Researchers at Zimperium have discovered an aggressive mobile premium services campaign with over 10 million victims all over the world. The stolen amount could amass hundreds of millions of Euros.

The scam was hidden behind malicious Android apps, and the researchers have named the Trojan GriftHorse. They estimate the group has been active since November 2020.

Distribution

These malicious Android apps were initially distributed through both Google Play and third-party application stores. After the researchers reported the findings to Google, the malicious applications were removed from the Google Play store. However, the malicious applications are still available on third-party app stores, once again proving the potential dangers involved in sideloading applications to mobiles.

To enhance the effectiveness of the campaign, the group showed pages to users based on the geolocation of their IP address and addressed them in the local language. This social engineering trick is very successful, since users are always more comfortable sharing information on a website in their local language.

How it works

The GriftHorse Trojan subscribes unsuspecting users to paid services, charging a premium amounting to around 36 dollars per month.

Immediately after installing the malicious app, the user is bombarded with popups telling them they have won a prize and need to claim it straight away or they will miss the opportunity. When the user accepts the offer, the malware redirects them to a geo-specific website where they have to submit their phone number for “verification”.

Instead of any verification taking place, the user is actually signed up for a premium SMS service that starts charging their phone bill over €30 per month.

Applications of this kind are often referred to as fleeceware. By definition, fleeceware is a type of malware for mobile devices that comes with hidden, excessive subscription fees. These applications take advantage of users who do not know how to cancel a subscription by charging them long after they have deleted the application.

Detection

The threat actors use a few different methods to avoid detection. While some users may get suspicious by an extra charge on their phone bill, it may take others months to notice. If and when they notice they need to find out how to cancel the subscription, and there is no chance of getting their money back.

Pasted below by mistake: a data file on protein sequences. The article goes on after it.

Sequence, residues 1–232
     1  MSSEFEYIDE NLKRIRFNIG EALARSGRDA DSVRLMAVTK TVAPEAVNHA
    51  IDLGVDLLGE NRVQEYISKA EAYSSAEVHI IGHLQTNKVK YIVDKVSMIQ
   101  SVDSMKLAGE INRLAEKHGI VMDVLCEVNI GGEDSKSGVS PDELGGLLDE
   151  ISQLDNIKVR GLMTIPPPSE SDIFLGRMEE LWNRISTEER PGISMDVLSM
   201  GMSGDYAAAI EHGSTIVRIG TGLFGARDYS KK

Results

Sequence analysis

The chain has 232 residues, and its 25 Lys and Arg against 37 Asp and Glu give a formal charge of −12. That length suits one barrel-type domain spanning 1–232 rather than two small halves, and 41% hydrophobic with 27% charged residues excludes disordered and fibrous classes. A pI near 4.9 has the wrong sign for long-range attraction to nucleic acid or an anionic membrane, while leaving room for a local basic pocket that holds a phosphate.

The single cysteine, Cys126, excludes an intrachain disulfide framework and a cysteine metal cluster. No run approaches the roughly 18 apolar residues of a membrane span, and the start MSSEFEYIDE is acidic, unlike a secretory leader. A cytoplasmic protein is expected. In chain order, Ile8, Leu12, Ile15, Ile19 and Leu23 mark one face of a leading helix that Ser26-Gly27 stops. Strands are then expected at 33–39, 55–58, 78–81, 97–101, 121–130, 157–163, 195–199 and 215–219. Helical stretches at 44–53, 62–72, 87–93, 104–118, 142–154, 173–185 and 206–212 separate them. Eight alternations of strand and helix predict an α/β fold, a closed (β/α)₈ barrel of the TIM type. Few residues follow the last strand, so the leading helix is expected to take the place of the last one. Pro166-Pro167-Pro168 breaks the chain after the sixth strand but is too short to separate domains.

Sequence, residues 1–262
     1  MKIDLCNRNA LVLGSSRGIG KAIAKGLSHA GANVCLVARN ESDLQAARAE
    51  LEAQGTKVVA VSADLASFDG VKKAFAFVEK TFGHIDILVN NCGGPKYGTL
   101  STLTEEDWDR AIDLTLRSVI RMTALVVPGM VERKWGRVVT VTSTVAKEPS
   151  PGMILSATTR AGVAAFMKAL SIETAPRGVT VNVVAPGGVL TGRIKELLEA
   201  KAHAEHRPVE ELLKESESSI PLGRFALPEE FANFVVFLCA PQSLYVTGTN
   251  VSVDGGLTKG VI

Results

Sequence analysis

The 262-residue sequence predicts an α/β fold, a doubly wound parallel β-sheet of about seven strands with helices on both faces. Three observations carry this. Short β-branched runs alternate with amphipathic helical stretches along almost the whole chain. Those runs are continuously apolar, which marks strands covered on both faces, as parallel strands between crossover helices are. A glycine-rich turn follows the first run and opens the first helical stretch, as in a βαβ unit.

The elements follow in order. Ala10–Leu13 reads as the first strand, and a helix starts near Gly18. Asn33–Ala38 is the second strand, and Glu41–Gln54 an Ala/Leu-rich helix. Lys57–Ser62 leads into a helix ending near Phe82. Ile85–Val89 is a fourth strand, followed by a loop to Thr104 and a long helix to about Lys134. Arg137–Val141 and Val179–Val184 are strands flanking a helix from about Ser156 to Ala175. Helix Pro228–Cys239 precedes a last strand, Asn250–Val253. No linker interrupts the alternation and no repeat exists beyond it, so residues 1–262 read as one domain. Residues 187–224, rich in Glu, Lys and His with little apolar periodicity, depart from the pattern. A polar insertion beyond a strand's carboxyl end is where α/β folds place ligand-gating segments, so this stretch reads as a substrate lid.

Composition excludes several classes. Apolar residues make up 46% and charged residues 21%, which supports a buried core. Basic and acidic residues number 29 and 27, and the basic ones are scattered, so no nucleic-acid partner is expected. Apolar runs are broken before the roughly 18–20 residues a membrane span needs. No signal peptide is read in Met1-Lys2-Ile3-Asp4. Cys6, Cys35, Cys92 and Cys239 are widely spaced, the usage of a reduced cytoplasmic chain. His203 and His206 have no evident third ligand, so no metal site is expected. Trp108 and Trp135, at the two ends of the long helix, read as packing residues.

The threat actors are also very careful to avoid hard-coding URLs in the malicious apps. To create the apps they used the mobile application development framework Apache Cordova. The application displays as a web page that references HTML, CSS, JavaScript, and images. This enables developers to deploy updates to apps without requiring the user to update manually. Using this option the actors were able to let the app fetch the currently active URL that acted as a C&C server.

The criminals used over 200 different Trojan applications in the campaign which, besides avoiding detection, also allowed them to spread the distribution of the applications across multiple, varied categories, increasing the range of potential victims.

The programmers of the malicious apps follow a strict no-reuse policy to avoid detection of all the apps by vendors, who often introduce mass or generic detections by using strings that are typical for a certain malware family.

Victims

By using the geo-specific sites and the spread across multiple categories of apps, the campaign was able to ensnare mobile users from more than 70 countries. Based on the intel collected by the researchers, GriftHorse has infected over 10 million devices in the last few months.

IOCs

A full list of applications and hashes can be found in the blog published by the researchers.

Malwarebytes for Android detects these apps as Android/Trojan.Spy.Joker.gfth.

Stay safe, everyone!